Raito stormed off, and four hours after that, all the detectives gather around the television, torn between laughter and louder laughter when a gang known for kidnapping, gang-raping, and trafficking young girls and boys into prostitution all die of what appears to be autoerotic asphyxiation--bodies falling conveniently in a public square.
The chief squints. "Does that--?"
L narrows his eyes and drinks more coffee.
"Yeah," one of the others says.
"It totally does," another detective chimes in.
"L SUCKS DICK," the Chief reads.
Just under his breath, L mutters, "Not anymore, that's for damn sure."
L researches traditional behaviorisms in jilted lovers as, due to lack of time, interest, and waking hours, he's never bothered to experience it first hand, and finds that Raito, despite his extraordinariness in every other sense, is textbook predictable in this sense. L theorizes this is because Raito never made plans for in case he was jilted, as L cannot imagine anybody in the world jilting Raito except for L himself. It is a case of gross but appropriate irony.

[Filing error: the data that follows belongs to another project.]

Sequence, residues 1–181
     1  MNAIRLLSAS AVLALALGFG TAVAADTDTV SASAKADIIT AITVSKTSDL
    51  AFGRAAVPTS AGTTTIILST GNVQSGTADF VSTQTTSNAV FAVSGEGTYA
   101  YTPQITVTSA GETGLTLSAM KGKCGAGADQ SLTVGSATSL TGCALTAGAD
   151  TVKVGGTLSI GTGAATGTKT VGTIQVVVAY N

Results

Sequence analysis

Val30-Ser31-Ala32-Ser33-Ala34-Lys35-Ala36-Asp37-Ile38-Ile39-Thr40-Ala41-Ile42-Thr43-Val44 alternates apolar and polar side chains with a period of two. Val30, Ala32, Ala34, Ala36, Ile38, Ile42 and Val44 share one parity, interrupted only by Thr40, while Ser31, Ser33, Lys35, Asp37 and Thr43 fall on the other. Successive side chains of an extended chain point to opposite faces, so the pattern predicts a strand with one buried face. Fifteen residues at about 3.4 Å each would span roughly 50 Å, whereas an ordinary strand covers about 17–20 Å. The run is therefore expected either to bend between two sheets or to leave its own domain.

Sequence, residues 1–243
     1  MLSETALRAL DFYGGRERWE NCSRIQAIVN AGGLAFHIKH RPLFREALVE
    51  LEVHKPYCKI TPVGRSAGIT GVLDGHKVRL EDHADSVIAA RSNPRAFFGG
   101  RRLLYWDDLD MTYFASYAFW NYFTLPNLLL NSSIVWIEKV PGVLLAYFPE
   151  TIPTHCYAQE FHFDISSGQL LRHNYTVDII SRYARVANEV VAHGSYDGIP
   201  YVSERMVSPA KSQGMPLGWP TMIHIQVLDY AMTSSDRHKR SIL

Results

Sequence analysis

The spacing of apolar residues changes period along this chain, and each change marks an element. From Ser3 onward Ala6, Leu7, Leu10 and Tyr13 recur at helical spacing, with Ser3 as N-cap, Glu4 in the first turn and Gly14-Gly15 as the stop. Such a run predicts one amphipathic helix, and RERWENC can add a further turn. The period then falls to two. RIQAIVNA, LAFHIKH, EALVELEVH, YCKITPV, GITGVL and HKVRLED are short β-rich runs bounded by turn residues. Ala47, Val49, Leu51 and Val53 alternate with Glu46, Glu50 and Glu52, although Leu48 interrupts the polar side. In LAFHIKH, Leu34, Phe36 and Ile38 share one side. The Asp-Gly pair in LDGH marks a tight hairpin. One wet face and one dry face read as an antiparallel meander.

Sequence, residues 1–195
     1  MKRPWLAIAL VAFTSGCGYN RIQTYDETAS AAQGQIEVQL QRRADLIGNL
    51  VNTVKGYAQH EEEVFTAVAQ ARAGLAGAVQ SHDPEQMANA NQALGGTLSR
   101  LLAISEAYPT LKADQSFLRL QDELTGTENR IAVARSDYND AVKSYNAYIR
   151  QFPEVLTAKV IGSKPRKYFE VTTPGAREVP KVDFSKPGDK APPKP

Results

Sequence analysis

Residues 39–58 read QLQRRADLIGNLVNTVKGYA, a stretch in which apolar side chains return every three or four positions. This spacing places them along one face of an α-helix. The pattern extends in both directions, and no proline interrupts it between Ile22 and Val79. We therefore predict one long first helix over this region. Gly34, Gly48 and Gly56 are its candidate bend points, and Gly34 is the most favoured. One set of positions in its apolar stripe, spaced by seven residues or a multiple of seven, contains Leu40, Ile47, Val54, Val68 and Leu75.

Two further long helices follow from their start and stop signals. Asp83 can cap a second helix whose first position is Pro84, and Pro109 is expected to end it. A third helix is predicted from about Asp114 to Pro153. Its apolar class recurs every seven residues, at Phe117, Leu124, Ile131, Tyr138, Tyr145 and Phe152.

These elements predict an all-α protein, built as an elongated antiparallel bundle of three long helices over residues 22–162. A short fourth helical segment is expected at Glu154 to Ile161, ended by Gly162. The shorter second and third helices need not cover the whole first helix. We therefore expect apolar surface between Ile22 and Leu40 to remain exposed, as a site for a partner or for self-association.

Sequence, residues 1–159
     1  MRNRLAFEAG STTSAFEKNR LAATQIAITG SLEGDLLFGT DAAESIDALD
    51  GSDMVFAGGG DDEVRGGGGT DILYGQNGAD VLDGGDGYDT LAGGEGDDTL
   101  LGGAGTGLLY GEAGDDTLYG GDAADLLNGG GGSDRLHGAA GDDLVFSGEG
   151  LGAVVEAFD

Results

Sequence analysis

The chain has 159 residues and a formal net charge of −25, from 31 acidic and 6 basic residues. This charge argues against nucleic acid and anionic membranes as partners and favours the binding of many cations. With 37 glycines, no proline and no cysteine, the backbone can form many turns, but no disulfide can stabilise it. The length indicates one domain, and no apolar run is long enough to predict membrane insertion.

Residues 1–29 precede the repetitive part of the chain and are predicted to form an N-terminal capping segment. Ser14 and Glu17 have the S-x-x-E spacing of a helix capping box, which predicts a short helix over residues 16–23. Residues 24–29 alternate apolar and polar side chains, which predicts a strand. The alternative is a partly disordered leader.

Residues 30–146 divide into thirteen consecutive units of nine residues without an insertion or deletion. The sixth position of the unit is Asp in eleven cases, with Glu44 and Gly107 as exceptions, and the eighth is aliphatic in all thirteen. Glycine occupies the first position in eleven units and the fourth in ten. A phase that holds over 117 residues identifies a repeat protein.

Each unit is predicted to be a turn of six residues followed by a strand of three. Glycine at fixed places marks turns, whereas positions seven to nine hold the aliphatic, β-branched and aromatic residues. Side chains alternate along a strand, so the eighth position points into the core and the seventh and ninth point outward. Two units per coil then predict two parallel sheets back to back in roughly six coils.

"You're being childish," L says, seeing that his computer screensaver changed to a print ad for medication for erectile dysfunction.
"I don't know what you're talking about," Raito quips.
"And anyway," L goes on casually, "Matsuda can vouch I don't need it."
The next day, Matsuda is found dodging Raito the entire afternoon, sensitive and watery-eyed.
"He said he would kill me," Matsuda hisses, glaring at L. "What did you say to him?"
L, oblivious, nods, murmuring, "Hm. Giving himself away--interesting."
Raito has a sort of attractive pallor that L supposes would otherwise be found on poets suffering from wasting diseases. He is terrifyingly smart, unbearably attractive and somehow fragile-looking, shooting L angry glances that would melt through titanium. After a few very intense weeks of this--the duration of which finds members of the group eager to escape any location that could be found in the line of sight between Raito and L--he begins to reexamine his reasoning for ending the relationship.